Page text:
Ways to, and ways not to Harp

The arrests of the ship captains of the anti-seal hunting vessel, the Farley Mowat has brought increased media coverage to controversial practice.

Let’s examine statements from both Sea Shepherd Conservation Society founder Paul Watson and Fisheries Minister Loyola Hearn.

First Watson, who in framing the context of the seizing of the vessel with the ultimate fate of the seal hunt says:

“We haven’t seen any evidence of a humane hunt here,” Mr. Watson said. “We’re presenting this evidence to the European Parliament. They are going to pass a bill to ban seal products. That will end the Canadian seal hunt. We’re looking at the end of days for the seal hunt.”

The statement pushes back the story away from the seizure and the arrest (ie the anti-seal hunters acting illegally) and re-frames the concept of the hunt as an archaic, soon to be obsolete practice. The last line is a little more inflammatory than an advocating statement should be, but groups that protest like unions, social or environmental agencies can get away with fiery language.

Now, let’s look at Minister Hearn’s statement. First, he denies that the government is blocking observers:

“We have issued over 75 permits this year for people to come visit within 30 feet of the hunt,” Mr. Hearn said. “If you have a permit, you can do that. … The boat did not have a permit.”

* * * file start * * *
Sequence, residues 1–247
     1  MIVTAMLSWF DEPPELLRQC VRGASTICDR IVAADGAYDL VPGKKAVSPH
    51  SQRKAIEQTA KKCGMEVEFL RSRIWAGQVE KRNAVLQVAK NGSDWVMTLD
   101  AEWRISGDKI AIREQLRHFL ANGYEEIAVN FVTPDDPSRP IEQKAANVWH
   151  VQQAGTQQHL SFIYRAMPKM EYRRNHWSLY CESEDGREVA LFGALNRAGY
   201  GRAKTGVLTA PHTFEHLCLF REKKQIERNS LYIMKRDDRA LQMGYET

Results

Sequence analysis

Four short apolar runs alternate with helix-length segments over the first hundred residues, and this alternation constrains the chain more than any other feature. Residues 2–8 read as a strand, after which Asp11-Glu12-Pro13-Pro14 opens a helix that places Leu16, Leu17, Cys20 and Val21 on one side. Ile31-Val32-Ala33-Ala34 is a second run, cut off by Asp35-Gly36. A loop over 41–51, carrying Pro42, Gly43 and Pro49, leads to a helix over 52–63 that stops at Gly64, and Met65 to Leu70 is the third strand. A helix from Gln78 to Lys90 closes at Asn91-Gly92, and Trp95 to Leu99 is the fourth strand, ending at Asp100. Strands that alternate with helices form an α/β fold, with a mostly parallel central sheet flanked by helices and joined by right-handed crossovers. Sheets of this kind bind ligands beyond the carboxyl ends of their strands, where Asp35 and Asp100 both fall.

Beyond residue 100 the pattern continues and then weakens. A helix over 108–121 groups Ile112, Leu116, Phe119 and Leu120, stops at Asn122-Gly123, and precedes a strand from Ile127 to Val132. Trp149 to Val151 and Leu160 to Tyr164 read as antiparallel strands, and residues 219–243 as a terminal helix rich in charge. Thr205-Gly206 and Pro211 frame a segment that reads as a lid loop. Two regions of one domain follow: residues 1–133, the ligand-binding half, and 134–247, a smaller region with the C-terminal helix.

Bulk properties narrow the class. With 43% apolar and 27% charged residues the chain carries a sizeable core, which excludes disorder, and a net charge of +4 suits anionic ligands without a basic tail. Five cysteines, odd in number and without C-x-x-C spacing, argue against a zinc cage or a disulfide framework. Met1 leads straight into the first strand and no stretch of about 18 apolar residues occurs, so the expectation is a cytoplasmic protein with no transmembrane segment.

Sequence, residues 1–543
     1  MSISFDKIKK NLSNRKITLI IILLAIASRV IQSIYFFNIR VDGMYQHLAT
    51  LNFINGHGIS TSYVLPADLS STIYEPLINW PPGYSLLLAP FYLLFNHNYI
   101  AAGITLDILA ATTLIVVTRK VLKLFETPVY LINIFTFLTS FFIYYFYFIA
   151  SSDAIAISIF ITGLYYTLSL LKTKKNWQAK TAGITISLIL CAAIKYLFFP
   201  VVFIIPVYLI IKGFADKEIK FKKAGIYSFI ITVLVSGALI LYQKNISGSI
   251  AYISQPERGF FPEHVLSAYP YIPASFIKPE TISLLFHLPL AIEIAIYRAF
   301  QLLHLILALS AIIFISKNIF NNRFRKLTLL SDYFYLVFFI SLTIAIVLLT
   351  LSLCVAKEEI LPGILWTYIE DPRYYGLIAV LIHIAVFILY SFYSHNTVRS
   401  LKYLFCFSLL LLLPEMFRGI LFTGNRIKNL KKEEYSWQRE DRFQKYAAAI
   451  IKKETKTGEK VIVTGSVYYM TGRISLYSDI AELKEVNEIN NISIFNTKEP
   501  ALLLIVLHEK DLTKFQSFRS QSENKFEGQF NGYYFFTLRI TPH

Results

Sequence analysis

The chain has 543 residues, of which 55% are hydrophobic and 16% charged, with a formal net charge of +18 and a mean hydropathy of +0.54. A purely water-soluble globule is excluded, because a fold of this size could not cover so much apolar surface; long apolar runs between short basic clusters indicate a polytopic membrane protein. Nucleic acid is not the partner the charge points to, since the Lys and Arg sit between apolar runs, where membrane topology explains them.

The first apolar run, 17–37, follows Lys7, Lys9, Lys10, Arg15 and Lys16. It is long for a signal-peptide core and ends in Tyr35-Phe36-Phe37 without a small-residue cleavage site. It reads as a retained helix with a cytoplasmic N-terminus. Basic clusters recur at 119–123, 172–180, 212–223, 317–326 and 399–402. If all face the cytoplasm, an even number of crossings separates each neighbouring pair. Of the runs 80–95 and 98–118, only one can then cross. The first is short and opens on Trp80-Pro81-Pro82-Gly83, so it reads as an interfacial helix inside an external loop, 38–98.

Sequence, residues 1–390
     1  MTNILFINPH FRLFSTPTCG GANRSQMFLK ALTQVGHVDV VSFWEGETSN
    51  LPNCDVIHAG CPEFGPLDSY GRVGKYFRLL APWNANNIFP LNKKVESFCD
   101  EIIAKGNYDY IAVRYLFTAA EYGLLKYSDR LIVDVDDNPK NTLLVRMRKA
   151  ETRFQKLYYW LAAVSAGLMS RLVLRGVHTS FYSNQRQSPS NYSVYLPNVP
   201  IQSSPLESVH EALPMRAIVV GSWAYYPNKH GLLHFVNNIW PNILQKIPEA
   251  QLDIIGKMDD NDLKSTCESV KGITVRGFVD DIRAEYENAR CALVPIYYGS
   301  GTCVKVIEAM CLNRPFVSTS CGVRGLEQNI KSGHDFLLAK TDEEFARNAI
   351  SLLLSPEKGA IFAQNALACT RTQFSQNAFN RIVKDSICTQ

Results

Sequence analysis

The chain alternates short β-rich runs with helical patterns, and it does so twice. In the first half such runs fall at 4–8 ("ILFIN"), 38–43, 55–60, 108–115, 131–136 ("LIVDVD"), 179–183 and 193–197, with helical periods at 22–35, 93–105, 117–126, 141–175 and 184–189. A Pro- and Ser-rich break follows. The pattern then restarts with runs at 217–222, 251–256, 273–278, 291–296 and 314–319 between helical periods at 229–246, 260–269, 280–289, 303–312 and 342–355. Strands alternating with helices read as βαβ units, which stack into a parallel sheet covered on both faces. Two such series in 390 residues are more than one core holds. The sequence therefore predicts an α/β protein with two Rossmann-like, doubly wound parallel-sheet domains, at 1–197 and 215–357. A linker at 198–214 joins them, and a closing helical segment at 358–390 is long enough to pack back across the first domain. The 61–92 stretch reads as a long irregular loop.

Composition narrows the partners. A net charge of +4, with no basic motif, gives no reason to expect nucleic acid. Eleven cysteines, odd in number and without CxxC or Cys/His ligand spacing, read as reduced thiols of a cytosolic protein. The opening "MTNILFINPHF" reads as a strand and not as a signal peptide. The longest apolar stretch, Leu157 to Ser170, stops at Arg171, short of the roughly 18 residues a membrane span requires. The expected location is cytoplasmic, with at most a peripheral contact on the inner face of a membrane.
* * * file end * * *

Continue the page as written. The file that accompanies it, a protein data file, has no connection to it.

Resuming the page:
This appeal is to policy which may not be exceptionally compelling but is acceptable, especially from large organizations and governments — as long as the policy is reasonable, or at least, procedural. But then, inexplicably, the Minister gets cute:

Mr. Hearn said the incident has garnered international exposure, exposing Mr. Watson’s group as one that flouts the rules with little regard for international law.

“Observe is one thing, obstruct is something else,” he said. “It’s like the old days in Dodge before Wyatt Earp. This is the new Dodge, Mr. Watson. Welcome to Canada and welcome to the new Dodge City.”

Now Minister Hearn leaves the comfort of a policy defence by making allusions to the Wild West and martial law. The statement is overly aggressive and suggests an overzealous threat against seal hunting opponents. Analogies in media statements should act to simplify a complex position. This analogy only aggrandizes the perception of the government as an out-of-touch bully.

4 Stractical points for Mr. Watson and we’ll take away a Colt .45 from Minister Hearn in honour of his self-proclamation as Canada’s Wyatt Earp.

seal hunt

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2 Comments

  1. I was quite appalled by the demeanor of Minister Hearn. He looks like the fanatic.

    I am not in the least impressed that he is making us the allies of Japan and there “dolphin clubbing” ways. The worlds oceasn are choking on plastic debris and Canada is STILL BLAMING EVERYONE ELSE FOR ITS PROBLEMS. Boo Hoo. Yeah Right.

    I recall how we were contacted by Minister Crosbie in advance of the closure of the cod fishery like he thought it would make us happy if the Canadian government closed the fishery after it was completely hopelessly collapsed. Sorry, I recall very well that time and how every Newfie politician was chiming how there was lots of cod still out there till the very end. Newfoundland has given Canada nothing but the most two faced politicians who care nothing about truth.

  2. Thanks for your comment, Gord.

    As always, Stractical comments on the communications play and not the politics. Thanks for reading!


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